Cultural intelligence or cultural quotient (CQ) is a term used in business, education, government and academic research. Cultural intelligence can be understood as the capability to relate and work effectively across cultures. Originally, the term cultural intelligence and the abbreviation “CQ” was developed by the research done by Soon Ang and Linn Van Dyne as a researched-based way of measuring and predicting intercultural performance.
The term is relatively recent: early definitions and studies of the concepts were given by P. Christopher Earley and Soon Ang in the book Cultural Intelligence: Individual Interactions Across Cultures (2003) and more fully developed later by David Livermore in the book, Leading with Cultural Intelligence. The concept is related to that of cross-cultural competence but goes beyond that to look at intercultural capabilities as a form of intelligence that can be measured and developed. According to Earley, Ang, and Van Dyne, cultural intelligence can be defined as “a person’s capability to adapt as s/he interacts with others from different cultural regions”, and has behavioral, motivational, and metacognitive aspects. Without cultural intelligence, both business and military actors seeking to engage foreigners are susceptible to mirror imaging.
What is mirror-imaging?
Easy Definition of Mirror Imaging: Don’t expect others to behave like you. If you do, you are Mirror Imaging.
Geeky Definition of Mirror Imaging: Mirror Imaging occurs when a person or a group is viewed through the lens of the analyst’s environment and experiences, rather than from theirs.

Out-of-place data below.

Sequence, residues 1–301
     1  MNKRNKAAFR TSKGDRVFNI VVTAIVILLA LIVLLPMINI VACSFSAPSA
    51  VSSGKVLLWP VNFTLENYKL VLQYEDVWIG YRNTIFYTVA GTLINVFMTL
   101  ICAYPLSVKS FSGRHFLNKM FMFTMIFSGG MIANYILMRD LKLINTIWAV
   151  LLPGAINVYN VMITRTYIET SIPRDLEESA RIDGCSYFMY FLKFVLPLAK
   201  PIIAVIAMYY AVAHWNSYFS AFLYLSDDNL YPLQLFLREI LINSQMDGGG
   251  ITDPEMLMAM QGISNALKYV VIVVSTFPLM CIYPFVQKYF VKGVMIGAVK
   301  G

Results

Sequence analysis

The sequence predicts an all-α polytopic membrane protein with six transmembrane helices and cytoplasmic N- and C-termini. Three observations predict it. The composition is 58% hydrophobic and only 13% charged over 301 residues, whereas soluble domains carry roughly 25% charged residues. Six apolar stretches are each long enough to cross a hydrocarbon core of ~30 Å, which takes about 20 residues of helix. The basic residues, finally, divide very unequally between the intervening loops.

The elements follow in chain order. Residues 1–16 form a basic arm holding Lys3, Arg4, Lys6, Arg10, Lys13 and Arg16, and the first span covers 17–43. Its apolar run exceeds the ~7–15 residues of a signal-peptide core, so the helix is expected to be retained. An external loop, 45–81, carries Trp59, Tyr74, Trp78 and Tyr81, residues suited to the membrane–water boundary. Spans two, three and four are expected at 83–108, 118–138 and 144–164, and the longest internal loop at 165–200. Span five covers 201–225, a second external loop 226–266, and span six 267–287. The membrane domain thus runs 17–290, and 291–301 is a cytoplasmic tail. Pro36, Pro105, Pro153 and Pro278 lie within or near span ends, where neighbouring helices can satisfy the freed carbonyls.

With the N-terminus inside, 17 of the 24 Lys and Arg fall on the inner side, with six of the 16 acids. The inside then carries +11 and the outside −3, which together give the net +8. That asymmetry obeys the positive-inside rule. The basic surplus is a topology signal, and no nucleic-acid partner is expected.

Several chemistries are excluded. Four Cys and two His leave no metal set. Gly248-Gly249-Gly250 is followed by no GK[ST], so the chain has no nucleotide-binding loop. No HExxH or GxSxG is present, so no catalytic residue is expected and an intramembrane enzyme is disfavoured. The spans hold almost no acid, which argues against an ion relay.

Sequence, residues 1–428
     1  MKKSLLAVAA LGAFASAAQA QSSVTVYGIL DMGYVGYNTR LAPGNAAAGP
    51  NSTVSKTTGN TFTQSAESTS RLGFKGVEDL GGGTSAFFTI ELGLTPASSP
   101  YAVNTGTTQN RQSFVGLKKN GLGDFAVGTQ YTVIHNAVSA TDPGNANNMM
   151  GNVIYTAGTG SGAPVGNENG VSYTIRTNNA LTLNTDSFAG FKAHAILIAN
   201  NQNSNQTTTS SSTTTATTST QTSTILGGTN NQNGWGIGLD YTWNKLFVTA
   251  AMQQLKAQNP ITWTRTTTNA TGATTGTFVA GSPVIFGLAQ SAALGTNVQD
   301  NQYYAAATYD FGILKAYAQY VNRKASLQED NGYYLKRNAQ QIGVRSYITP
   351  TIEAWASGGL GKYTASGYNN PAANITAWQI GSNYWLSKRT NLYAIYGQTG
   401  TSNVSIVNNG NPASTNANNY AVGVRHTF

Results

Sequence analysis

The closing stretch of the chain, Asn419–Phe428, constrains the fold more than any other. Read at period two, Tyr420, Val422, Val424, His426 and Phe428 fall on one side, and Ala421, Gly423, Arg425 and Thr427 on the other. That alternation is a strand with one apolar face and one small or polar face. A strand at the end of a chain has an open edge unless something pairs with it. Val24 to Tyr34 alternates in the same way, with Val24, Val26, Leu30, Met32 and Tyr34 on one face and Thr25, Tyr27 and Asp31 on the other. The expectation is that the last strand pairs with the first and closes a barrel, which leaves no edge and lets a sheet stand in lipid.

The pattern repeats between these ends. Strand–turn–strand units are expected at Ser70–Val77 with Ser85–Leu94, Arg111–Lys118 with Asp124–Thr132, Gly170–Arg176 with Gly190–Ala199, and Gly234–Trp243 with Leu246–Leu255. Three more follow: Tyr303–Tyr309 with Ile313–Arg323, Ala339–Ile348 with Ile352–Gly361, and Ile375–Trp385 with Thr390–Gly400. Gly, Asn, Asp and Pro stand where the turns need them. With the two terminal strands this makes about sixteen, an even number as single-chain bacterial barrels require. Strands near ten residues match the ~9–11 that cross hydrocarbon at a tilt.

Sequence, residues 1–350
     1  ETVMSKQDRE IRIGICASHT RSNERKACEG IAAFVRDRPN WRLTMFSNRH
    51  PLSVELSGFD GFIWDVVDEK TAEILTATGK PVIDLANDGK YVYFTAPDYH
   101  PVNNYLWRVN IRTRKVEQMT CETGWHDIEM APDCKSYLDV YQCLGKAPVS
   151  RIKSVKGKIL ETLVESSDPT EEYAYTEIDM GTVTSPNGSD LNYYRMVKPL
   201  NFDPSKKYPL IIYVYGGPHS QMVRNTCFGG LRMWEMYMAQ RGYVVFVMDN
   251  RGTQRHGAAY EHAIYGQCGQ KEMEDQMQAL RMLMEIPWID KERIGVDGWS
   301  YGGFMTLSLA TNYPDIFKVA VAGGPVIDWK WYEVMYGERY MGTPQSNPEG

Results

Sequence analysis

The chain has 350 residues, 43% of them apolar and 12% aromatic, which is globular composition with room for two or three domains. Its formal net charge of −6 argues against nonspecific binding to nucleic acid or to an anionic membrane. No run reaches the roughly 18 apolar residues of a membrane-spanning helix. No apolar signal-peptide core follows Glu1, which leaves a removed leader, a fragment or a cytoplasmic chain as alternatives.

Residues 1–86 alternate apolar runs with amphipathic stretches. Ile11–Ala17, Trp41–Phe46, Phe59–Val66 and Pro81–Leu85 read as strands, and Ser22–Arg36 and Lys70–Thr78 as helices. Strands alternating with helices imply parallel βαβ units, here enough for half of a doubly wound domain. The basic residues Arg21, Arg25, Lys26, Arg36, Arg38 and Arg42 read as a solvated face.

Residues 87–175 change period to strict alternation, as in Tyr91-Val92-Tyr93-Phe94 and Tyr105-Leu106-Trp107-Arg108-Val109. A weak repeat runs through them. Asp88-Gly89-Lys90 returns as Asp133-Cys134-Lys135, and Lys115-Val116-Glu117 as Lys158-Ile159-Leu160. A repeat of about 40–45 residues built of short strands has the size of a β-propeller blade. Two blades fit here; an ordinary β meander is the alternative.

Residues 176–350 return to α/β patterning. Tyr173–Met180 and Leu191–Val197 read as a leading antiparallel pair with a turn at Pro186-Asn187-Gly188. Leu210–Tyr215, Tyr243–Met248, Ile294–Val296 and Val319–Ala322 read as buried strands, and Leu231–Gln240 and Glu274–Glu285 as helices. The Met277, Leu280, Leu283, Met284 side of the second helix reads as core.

Cultural intelligence or CQ is measured on a scale, similar to that used to measure an individual’s intelligence quotient. People with higher CQs are regarded as better able to successfully blend into any environment, using more effective business practices, than those with a lower CQ. Research demonstrates that CQ is a consistent predictor of performance in multicultural settings.
In summary, we can define Cultural Intelligence as the ability to be skilled and flexible about understanding a culture, learning more from it from your ongoing interactions with it, and gradually reshaping your thinking to be more sympathetic to the culture and your behaviors in order to be more skilled and appropriate when interacting with others from the culture.
As mentioned above, cultural intelligence emphasizes three areas: metacognition and cognition, motivation, and behavior. The framework for cultural intelligence consists of the following parts: knowledge, strategic thinking, motivation, and behaviors. It may be helpful to think about these as the ABCs of CI: Acquire, Build, Contemplate, and Do.